Are you suffering with the effects of Trauma?
What are the effects of experiencing a traumatic event, and how does talking about it help?
Has Trauma Come Back To Haunt You?
After the events in Central London and Manchester, you may have been reminded of a trauma you have experienced, or of a time when you witnessed an event that was distressing?
For many people just viewing the distressing scenes on TV of the events unfolding on Westminster Bridge, the Houses of Parliament, and Manchester Arena, has left them upset and anxious.
Whether it’s an act of terrorism, a car accident, an unexpected loss, a burglary, an assault, a serious illness, or a difficult birth, the effects of trauma have a serious impact on our normal everyday functioning.
But have you even thought of these as traumatic events!?
Here are some signs of unresolved trauma ...
- Do you suffer with eating or sleep disturbances, flashbacks, low energy, chronic or unexplained pain?
- Are you having bouts of spontaneous crying, feeling depressed, anxiety, panic attacks, or compulsive and obsessive behaviours?
- Are you irritable, angry or numb?
- Do you have memory lapses, find difficulty in making decisions, have decreased ability to concentrate, or feel distracted?
Trauma can manifest days, months or even years after the actual event. So it doesn’t matter when the traumatic event happened, it can still be influencing you and keeping you from living fully in the present and from feeling alive.
What happens when you experience a trauma?
A trauma causes a fundamental reorganisation of the way the mind and brain manages and organise things. It changes the capacity to think and to feel alive. It can keep you stuck in constant alertness or plunge you into numbness. We can find that we are continually in fight or flight or immobilization modes.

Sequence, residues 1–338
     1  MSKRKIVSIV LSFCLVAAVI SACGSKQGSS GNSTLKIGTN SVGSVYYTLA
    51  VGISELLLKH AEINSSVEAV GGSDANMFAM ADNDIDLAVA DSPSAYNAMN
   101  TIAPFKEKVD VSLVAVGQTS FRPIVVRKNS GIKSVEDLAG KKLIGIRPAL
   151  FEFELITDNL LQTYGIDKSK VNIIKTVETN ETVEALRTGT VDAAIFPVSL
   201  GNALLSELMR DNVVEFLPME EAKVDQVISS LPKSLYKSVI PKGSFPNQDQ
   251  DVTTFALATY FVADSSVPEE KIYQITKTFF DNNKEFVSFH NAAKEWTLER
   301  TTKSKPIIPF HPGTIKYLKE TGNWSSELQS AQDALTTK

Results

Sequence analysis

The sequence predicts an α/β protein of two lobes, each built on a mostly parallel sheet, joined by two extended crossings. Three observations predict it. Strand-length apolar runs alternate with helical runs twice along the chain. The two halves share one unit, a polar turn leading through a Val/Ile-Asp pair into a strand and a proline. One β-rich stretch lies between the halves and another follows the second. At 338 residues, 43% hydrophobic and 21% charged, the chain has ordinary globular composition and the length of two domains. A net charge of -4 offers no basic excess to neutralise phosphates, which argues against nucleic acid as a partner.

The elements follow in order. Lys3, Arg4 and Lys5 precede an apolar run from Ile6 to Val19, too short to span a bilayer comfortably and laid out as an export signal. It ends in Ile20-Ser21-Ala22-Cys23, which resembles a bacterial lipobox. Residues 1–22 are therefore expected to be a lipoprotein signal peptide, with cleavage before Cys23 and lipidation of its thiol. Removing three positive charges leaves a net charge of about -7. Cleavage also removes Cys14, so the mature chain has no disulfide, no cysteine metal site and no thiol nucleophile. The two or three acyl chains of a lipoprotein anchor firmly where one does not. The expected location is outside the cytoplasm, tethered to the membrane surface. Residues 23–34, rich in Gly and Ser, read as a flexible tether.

It leaves an imprint on the mind, the brain and the body, leaving us lurking in the past and detached from the present.
The trauma itself is isolated fragments of images, sounds and feelings bursting through ... that no words can describe. You can feel incredibly alone as the traumatic event itself has at some point involved not truly being seen, or not being taking into account. Your inner world becomes chaotic, and energy is needed to keep this at bay to maintain control.
We create incredibly powerful coping strategies such as drinking, binge-eating, bulimia, starvation, drug taking, highly increased sexual activity, self-harming, over working, and Obsessive Compulsive Disorders, to help keep the chaos at bay.
How talking constructively can help ...
Many people try the best they can to deal with the effects of trauma on their own, whether it be trying to shut out the events from their mind, medication, or the good old British ‘stiff upper lip’.
However, if the impact is causing some of the symptoms described here then it can help to speak to a trained professional. Counselling and Psychotherapy can help in many ways.
In speaking about what has happened …
- You re-activate your brain to experience safety, so that you feel less anxious, scared or numb.
- You deactivate the defences that have been built in your mind to ensure survival.
- You learn to open up to the knowledge that this terrible event is in the past (because the brain/body still reacts as if it is in the present). This will enable you to feel present and back in control of your own life.
- The process looks to find YOU again, so you experience a sense of who you are, enabling you to know what you need and want in your life.
- You’ll connect you back with your body so you can feel alive again.
- You can also get back the feeling that you are in charge of your life.
So, if you are suffering from the effects of a trauma, whether that be recently, or long ago in the past, you can do something about it. Talking about it in a structured way can really help. You can also learn more about how to treat trauma at the Treating Trauma Workshop, a 1-day course in London. Find out more here.
In the words of Rachel Wolchin, "Time heals nothing unless you move along with it."
To find out more, get in touch!
Dr Tom Barber.